The historic deal in Geneva over Iran’s nuclear capability is shaking up the Middle East as much as the Arab revolutions of 2010-11. Saudi Arabia is said to be Israel’s new (only) best friend, but the Saudis can make only secret deals with ‘the Zionist entity’ or lose face with other Arab countries. The same problem afflicts the apparently cordial welcome from Israel for General al-Sisi’s coup. Advisers say ‘Look East’ – but the Chinese will not side with Israel against Palestinians. Everywhere Bibi looks, it’s the Palestinian issue which blocks his foreign relations.
EU countries have taken the high ground about Israel’s illegal occupation of Palestinian territories. But their remit seems to stop short of European companies which continue to accept Israeli contracts for demolishing Palestinian homes (Volvo, JCB), imprisoning Palestinians (G4S), importing goods from the settlements (Tesco, Waitrose) and servicing the settlements (Veolia). Such companies ease the functioning of settlements despite the formal position of their home countries.
The only outsiders who seem to be keeping an eye on Gaza are the Israelis, whose UAVs drone constantly over the rooftops of Gaza. The horrible sound does people’s heads in. Is that the point? Jonathan Cook reports. Otherwise there is only UNRWA to raise its voice about what is obvious to anyone who looks – a growing catastrophe caused by lack of fuel and clean water.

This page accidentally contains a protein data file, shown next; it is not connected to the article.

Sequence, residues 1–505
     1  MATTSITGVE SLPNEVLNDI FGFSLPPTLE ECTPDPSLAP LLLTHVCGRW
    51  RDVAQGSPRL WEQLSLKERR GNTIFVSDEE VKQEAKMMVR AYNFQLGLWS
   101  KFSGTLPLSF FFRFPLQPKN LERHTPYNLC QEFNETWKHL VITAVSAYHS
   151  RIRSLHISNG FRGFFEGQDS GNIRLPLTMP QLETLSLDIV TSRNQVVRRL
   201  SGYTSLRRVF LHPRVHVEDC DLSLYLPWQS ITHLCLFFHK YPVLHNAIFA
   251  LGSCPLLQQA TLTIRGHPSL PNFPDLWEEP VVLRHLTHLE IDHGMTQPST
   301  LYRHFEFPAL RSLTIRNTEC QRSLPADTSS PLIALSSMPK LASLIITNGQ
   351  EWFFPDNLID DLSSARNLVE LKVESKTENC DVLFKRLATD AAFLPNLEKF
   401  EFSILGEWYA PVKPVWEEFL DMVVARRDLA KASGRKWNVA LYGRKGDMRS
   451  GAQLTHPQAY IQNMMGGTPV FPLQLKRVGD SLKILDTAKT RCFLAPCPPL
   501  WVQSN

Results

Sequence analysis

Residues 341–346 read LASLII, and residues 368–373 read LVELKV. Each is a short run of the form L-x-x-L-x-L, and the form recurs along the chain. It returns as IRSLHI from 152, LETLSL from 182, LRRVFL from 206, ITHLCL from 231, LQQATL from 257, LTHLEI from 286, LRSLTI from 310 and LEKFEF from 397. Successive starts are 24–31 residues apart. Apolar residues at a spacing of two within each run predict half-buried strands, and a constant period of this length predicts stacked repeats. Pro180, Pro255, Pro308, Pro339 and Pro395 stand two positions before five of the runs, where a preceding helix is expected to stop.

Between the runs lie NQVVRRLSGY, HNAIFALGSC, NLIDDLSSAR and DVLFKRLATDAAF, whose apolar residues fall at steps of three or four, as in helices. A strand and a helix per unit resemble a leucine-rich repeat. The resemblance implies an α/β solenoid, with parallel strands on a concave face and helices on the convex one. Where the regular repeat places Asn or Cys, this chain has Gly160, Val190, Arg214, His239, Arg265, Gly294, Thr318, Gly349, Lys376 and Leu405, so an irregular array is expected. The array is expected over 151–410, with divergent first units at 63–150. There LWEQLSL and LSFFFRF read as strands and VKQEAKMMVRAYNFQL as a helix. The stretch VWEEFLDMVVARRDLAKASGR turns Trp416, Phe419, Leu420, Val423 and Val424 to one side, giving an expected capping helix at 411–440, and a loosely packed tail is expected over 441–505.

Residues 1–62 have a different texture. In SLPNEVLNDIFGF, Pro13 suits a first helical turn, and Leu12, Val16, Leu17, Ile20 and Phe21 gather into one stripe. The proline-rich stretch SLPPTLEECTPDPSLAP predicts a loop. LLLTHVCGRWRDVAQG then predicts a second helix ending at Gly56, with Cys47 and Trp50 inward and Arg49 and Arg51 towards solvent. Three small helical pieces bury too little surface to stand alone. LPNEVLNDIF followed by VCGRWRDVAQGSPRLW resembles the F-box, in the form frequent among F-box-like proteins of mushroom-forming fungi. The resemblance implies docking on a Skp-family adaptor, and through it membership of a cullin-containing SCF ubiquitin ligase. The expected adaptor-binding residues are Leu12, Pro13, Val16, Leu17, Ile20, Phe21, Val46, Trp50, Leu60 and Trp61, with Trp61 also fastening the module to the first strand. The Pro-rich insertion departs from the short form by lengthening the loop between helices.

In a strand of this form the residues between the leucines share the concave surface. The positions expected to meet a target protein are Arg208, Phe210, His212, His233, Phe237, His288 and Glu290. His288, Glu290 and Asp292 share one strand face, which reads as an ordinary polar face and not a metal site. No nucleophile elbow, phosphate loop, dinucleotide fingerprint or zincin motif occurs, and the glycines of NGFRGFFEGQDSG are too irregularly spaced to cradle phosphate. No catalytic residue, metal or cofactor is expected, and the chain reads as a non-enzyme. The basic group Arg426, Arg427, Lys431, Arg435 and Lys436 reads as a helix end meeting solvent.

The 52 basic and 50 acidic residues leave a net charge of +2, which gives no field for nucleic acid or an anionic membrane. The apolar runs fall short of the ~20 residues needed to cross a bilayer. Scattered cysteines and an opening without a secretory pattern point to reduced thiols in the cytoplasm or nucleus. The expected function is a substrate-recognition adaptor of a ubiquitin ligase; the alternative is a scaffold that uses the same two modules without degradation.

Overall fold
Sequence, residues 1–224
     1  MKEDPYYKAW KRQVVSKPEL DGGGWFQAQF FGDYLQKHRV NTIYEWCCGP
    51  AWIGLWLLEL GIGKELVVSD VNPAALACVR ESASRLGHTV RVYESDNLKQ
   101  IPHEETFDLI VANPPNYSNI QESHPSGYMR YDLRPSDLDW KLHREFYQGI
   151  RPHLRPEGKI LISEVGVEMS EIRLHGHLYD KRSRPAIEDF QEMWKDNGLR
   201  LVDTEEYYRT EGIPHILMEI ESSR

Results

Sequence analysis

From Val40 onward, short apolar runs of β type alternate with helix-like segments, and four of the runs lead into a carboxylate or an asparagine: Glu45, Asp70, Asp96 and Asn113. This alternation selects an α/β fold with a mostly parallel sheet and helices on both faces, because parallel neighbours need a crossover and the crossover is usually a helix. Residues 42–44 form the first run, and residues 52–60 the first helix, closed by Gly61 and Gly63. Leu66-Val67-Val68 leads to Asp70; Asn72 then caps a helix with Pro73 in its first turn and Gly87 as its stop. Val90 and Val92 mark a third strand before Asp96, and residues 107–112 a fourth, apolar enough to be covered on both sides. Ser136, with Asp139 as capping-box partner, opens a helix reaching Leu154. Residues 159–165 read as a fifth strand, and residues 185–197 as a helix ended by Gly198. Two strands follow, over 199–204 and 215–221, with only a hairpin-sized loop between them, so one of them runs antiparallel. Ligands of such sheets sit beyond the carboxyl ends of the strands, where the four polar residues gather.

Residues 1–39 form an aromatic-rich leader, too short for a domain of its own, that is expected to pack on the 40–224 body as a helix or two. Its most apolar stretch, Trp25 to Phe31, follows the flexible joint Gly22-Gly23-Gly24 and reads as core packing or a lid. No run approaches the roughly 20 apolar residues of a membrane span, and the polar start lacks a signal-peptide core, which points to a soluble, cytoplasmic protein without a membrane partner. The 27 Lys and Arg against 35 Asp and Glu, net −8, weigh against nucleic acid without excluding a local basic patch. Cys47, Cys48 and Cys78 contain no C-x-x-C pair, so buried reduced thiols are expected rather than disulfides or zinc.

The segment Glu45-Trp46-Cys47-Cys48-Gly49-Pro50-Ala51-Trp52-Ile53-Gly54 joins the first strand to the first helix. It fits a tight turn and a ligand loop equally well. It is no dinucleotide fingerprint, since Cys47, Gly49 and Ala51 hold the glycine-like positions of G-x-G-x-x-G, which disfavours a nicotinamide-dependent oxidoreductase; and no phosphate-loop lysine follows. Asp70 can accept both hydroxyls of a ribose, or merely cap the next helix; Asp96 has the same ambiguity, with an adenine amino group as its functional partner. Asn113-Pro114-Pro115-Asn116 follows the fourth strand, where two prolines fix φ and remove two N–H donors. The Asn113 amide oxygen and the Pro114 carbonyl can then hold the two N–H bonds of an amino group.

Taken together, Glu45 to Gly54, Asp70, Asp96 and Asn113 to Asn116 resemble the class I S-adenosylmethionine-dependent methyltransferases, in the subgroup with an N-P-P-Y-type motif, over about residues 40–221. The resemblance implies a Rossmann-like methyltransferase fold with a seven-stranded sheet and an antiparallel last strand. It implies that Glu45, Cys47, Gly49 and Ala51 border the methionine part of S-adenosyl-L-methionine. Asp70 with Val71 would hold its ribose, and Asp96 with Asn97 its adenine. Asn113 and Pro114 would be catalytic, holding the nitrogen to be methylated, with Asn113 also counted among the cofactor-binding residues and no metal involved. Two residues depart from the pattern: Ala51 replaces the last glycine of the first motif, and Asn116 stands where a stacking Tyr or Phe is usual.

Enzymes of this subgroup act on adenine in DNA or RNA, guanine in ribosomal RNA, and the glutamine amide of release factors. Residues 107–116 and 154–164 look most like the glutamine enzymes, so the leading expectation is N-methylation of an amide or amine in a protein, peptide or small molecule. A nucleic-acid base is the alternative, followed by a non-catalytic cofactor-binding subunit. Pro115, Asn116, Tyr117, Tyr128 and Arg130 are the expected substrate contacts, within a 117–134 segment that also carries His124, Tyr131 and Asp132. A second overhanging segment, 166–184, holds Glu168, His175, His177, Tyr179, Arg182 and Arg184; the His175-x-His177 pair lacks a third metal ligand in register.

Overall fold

According to Edward Said, serious discussion about Israel in the US was ‘the last taboo.’ Now that has been well and truly broken. This week the association of university professors held an open meeting (packed) to discuss BDS action against Israeli institutions complicit with the occupation. The large majority favoured such actions though this has not materialised in a decision – unlike the Association for Asian American Studies which did pass a resolution for boycotting Israeli academic institutions. Many attribute this great shift to student activism on campuses.
‘We did it through diplomacy’ said John Kerry to Congress in an appeal for their support for the Iran deal. There is significant opposition to the deal in Israel and the US – but how can they oppose it? Why, by calling Lady Ashton ‘ugly ‘ – nuff said. In the US, war-weariness has muted opposition to the negotiations. In Israel, the EU is the convenient bad entity forcing Netanyahu to acknowledge settlements in order to be eligible for Horizon 2020 grants – a programme for which Lady Ashton is also a lead negotiator.
The Palestinian right of return is an absolute slogan for most Palestinians and Israelis – an idealised dream for one and an image of terrifying loss and revenge for the other. Behind the absolutes, Zochrot and academics have been exploring what it might mean in practice.To begin with, suggests Danny Rabinowitz, it should be the freedom to return – implying choice – rather than right.